10 ways to keep your mind sharp!
We all face the problem of forgetting things. Here is some solution how can you remember things!
Continue to learn and expand your mind:
Read, write your life story, learn a new language, do crosswords, play chess or bridge, learn to play an instrument.
Use all your senses:
The more senses you use in learning something, the more of your brain will be involved in retaining the memory.
Don’t get down on yourself:
If you believe you can improve and you translate that belief into practice, you have a better chance of keeping your mind sharp.
Automate the mundane and simplify your life:
Take advantages of calendars, maps, list, etc. so you can concentrate on learning and remembering new and important things.
Repeat what you want to remember:
If you find yourself forgetting things all the time, repeat the things you don’t want to slip your mind until they are stuck into your head.
Space out your repetitions:
Space out periods of study- once an hour, then every few hours, then every day.
Ever heard of a mnemonic:
So what is mnemonic? a device such as a pattern of letters, ideas, or associations that assists in remembering something. Mnemonic devices can take the form of acronyms or sentences. For example: “Every Good Boy Does Fine” for the musical notes E, G, B, D and F
Scientists are starting to think that regular aerobic exercise may be the single most important thing you can do for the long-term health of your brain. While the heart and lungs respond loudly to a sprint on the treadmill, the brain is quietly getting fitter with each step, too. For mental fitness, aim for at least 30 minutes of physical activity every other day.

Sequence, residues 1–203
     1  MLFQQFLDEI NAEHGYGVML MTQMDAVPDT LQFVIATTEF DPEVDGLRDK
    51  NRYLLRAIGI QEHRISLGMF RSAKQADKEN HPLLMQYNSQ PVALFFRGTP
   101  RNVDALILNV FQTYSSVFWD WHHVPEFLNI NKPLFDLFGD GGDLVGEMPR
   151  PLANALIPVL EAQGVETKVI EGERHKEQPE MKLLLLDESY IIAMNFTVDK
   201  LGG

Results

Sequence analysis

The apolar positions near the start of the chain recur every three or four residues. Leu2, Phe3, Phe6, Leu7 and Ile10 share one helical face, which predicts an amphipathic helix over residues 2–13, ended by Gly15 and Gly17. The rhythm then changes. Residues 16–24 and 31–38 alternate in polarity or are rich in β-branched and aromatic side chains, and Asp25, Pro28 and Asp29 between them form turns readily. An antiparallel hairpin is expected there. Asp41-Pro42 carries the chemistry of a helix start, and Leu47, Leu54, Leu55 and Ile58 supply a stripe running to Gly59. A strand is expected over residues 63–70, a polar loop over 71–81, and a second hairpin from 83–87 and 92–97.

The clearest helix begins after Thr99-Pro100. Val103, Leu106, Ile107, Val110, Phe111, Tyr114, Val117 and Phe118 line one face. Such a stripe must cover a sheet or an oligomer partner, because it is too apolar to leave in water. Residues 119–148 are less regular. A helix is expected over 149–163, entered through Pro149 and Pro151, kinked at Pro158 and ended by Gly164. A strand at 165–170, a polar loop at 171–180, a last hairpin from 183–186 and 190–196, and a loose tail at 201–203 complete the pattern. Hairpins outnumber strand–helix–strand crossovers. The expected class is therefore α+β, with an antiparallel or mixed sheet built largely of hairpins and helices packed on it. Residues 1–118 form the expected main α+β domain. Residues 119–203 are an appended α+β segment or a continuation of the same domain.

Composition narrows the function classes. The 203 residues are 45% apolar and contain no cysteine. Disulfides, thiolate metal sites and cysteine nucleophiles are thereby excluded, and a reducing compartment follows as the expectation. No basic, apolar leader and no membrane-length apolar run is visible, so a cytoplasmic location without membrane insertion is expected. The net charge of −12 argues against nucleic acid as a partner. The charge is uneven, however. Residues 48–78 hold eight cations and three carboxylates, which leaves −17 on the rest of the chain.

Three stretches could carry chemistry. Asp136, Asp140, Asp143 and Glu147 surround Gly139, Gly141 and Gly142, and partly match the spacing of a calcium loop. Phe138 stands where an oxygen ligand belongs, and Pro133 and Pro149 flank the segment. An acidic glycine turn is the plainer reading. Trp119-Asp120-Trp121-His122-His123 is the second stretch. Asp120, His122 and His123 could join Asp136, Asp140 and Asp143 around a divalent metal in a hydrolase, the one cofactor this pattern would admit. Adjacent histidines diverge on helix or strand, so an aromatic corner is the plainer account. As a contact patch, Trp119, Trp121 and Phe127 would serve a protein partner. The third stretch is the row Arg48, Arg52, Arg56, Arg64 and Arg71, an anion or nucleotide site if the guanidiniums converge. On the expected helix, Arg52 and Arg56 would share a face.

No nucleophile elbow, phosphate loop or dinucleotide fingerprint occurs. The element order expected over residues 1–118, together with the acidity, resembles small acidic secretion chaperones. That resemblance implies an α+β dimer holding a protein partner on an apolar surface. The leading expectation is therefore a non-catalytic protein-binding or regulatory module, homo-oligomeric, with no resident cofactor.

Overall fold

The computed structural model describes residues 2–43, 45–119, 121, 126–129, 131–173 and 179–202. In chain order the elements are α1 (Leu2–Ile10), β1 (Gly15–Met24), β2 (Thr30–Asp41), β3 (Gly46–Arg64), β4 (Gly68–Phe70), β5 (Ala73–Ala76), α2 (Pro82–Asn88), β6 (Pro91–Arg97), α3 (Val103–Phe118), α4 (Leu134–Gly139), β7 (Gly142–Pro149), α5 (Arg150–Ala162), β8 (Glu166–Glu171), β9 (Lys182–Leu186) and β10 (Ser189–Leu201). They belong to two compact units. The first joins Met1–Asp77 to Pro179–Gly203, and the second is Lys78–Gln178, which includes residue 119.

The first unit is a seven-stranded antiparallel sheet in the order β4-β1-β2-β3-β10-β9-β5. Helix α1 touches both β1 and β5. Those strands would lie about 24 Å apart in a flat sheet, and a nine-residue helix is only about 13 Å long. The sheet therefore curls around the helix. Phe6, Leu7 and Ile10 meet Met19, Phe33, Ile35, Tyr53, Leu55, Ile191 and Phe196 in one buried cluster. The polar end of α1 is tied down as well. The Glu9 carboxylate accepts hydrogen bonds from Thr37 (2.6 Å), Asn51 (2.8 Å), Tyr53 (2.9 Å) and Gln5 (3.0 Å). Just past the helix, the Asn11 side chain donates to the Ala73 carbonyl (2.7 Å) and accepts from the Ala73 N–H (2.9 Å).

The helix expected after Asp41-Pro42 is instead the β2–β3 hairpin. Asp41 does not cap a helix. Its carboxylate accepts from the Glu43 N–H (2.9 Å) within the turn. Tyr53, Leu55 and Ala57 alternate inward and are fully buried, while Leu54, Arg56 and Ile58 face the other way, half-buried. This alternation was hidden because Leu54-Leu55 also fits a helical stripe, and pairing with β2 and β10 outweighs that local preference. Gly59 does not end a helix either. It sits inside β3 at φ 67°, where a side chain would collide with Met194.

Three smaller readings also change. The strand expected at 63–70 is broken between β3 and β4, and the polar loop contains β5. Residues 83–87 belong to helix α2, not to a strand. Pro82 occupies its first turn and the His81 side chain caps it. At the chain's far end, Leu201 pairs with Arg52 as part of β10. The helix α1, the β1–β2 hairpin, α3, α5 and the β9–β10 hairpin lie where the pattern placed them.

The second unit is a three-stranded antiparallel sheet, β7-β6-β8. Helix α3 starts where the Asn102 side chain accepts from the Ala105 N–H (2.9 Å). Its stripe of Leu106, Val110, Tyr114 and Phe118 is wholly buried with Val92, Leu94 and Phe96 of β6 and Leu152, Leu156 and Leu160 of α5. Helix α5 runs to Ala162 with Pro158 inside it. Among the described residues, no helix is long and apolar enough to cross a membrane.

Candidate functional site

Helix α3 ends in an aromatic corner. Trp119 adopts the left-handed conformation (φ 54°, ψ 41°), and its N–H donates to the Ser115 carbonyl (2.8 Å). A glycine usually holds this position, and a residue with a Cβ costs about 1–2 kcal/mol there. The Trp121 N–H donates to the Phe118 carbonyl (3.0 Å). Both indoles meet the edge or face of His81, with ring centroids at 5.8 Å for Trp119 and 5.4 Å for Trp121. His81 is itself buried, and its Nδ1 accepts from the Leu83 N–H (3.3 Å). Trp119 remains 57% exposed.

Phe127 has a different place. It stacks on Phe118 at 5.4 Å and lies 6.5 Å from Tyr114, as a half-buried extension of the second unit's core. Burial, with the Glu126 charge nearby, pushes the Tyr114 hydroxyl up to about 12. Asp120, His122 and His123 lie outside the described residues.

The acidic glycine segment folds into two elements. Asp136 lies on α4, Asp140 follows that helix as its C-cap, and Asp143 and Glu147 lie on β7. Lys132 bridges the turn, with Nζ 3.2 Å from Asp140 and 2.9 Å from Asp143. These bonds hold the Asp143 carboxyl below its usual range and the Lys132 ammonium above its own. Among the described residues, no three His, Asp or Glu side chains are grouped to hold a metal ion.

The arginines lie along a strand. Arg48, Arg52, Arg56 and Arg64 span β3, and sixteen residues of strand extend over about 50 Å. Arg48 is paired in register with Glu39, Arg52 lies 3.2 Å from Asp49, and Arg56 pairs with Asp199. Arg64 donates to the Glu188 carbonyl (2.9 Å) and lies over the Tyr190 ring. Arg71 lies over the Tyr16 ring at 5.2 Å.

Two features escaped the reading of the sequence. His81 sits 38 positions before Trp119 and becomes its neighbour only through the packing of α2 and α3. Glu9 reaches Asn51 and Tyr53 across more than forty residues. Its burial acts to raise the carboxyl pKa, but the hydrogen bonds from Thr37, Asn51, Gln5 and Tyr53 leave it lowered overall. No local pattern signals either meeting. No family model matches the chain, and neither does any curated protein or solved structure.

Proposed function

Stress takes a toll on the brain by washing harmful chemicals over the hippocampus and other brain areas involved in memory. Some scientists suspect that living a balanced lifestyle and pursuing relaxing activities such as yoga, socializing and crafting may delay memory impairment by reducing stress.
Get your beauty rest:
When we rest and dream, memories are sifted through, some discarded, others consolidated and saved. When we don’t sleep, a recent study found, proteins build up on synapses, possibly making it hard to think and learn new things. Furthermore, chronically sleeping poorly (in contrast to not enough) is linked to cognitive decline in old age, although the relationship may not be causal.